Kakhovska hydroelectric power plant (HPP) dam breach has further escalated the ongoing conflict between Russia and Ukraine, with each blaming the other for the damage.
On June 6, a massive breach in the Kakhovska HPP dam led to an uncontrolled release of water.
A vital component of the Kakhovska HPP, the dam played a crucial role in regulating the annual flow of the Dnipro River, facilitating power supply, irrigation, and water provision to arid regions in southern Ukraine, and supporting navigation from Kherson to Zaporizhzhia.
Alexander Prokudin, Head of the Military Administration of the Kherson Region, said approximately 1,700 individuals were evacuated. Meanwhile, Russia-installed officials on the other side of the river said 1,200 people were safely relocated.
Officials said more than 40,000 people – 17,000 in Ukraine-controlled territory west of the Dnipro and 25,000 in Russia-controlled east – urgently need to evacuate.
Ukraine blamed the breach on Russia, claiming that Russian forces mined the dam. They also accused Moscow of neglecting the flood relief operations on eastern riverbank.
Russia, however, claimed that the damage was a result of Ukrainian shelling. President Vladimir Putin condemned the incident as a "barbaric act" during a phone conversation with his Turkish counterpart Recep Tayyip Erdogan.
The situation was also discussed at the UN Security Council meeting called on Moscow’s request. Vassily Nebenzia, Russia’s Permanent Representative to the United Nations, claimed that a campaign to cast doubt on Moscow as the only one responsible for the incident had started even before all the incident's specifics were clear.
The construction of the Kakhovska HPP, a 30-meter-tall and 3.2-km-long plant, started under Soviet leader Joseph Stalin and was completed under Nikita Khrushchev.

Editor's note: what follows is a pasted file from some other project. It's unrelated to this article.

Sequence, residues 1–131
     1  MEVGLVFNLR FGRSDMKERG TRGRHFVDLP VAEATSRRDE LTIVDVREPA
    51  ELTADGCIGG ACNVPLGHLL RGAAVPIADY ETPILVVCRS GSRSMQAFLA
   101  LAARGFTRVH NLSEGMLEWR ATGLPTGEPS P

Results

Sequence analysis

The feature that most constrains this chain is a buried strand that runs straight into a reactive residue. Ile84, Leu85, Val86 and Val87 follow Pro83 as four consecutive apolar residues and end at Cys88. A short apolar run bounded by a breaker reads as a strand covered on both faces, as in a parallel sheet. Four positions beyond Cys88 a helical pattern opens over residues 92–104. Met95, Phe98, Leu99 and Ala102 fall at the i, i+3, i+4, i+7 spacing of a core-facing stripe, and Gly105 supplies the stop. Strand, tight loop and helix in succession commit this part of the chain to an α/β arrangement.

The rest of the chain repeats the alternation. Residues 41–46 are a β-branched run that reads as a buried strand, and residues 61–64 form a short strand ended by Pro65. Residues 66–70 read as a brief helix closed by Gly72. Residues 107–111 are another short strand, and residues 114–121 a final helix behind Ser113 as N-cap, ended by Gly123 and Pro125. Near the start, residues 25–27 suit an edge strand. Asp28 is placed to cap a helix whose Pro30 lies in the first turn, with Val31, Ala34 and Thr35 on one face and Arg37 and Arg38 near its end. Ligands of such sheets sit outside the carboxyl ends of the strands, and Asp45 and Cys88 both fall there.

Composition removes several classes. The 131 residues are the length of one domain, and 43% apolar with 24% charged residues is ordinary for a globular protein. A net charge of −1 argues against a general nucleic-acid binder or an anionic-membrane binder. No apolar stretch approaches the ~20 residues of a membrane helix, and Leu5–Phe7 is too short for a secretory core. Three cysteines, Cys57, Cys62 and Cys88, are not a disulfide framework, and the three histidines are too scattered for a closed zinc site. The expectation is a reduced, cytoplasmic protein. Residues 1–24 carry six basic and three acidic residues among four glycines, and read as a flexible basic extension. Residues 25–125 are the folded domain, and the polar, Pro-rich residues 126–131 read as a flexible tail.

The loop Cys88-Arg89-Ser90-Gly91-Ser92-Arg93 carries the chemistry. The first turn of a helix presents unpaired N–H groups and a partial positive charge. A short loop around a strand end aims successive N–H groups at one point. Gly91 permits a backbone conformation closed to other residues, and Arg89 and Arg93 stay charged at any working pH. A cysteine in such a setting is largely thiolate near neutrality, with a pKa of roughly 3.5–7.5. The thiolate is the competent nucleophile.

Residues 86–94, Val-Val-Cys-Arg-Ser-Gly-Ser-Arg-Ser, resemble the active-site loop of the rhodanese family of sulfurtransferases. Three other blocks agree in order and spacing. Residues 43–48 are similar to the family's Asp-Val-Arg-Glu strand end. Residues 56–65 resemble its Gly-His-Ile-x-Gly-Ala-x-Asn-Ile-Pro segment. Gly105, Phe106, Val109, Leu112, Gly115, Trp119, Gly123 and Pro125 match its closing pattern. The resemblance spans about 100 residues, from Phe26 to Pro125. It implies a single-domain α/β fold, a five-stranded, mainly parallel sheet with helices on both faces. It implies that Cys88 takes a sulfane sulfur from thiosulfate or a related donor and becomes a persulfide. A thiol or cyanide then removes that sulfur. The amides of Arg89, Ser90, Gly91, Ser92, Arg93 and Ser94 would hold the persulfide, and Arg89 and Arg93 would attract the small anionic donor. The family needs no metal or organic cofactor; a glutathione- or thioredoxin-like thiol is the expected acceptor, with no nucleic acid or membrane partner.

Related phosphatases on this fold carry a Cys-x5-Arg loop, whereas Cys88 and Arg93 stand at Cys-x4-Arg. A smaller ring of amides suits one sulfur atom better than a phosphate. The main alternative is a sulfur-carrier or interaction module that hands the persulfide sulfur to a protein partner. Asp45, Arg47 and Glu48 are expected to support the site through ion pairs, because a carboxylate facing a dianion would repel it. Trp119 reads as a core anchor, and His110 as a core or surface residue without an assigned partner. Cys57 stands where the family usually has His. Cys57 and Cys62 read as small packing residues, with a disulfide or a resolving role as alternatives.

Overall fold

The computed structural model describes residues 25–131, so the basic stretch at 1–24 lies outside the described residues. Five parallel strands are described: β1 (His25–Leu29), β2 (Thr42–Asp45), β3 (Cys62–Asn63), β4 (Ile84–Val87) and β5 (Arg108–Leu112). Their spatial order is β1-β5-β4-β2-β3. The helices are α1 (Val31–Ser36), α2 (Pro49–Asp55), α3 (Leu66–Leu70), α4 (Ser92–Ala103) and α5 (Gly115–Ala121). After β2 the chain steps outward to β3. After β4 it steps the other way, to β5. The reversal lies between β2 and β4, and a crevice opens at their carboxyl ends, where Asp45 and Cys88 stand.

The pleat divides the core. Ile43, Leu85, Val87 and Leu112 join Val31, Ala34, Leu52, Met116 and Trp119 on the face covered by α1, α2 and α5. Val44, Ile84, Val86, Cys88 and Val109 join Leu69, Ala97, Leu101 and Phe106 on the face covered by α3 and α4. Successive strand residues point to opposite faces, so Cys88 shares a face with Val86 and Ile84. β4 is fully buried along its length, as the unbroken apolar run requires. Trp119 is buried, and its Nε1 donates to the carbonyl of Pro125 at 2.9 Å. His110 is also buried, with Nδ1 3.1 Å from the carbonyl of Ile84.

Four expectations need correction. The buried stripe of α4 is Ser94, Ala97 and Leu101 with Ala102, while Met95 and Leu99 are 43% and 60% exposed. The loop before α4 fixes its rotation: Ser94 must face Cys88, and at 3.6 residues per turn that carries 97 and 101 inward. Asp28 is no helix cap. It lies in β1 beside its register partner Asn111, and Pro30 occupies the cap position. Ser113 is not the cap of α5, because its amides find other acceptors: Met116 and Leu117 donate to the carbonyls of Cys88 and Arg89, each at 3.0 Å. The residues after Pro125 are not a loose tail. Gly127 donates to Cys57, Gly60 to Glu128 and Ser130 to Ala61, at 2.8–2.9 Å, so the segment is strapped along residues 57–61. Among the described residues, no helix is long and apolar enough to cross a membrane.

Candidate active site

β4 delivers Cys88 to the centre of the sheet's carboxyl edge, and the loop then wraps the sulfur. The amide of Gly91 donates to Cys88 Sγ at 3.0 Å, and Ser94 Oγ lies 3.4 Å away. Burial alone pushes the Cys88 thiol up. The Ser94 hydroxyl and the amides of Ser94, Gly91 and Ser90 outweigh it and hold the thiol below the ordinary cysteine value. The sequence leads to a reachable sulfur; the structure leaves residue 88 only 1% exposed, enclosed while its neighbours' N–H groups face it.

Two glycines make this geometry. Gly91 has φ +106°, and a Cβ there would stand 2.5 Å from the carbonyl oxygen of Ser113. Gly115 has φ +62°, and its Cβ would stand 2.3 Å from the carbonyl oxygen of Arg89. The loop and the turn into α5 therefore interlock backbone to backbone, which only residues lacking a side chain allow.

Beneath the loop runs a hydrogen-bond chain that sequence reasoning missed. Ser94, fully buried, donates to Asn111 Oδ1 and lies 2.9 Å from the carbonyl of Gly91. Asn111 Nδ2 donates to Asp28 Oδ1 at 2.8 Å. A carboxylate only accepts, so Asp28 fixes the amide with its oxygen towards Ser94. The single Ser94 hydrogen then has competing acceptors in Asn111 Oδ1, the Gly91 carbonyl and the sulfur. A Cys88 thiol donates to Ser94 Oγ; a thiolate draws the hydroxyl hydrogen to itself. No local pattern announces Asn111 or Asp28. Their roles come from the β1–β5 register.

The dam spans the Dnipro River, which currently serves as the frontline between Russian and Ukrainian forces. The creation of the Kakhovska reservoir, covering an area of 2,155 square kilometers, resulted in the displacement of approximately 37,000 people from their homes during the Soviet era.
Since Russian President Vladimir Putin initiated what he referred to as a “special military operation” in Ukraine, the city of Kherson has faced numerous challenges. Russian troops took over Kherson, which is a vital port city in southern Ukraine located above the delta of the Dnipro River, which flows into the Black Sea. In November 2022, Ukrainian forces recaptured the city.
Ukraine and Russia have been at odds since the 2014 crisis in Ukraine’s southern and eastern regions. Ukraine accuses Russia of annexing the Crimean Peninsula – a territory that extends into the Black Sea – and other southeastern regions of Ukraine.
The Moscow-backed referendum held in March 2014 allegedly revealed that over 90 percent of Crimea's residents wanted the peninsula to be under Russian control. However, the vote was declared illegitimate by Ukraine, Western countries and the United Nations.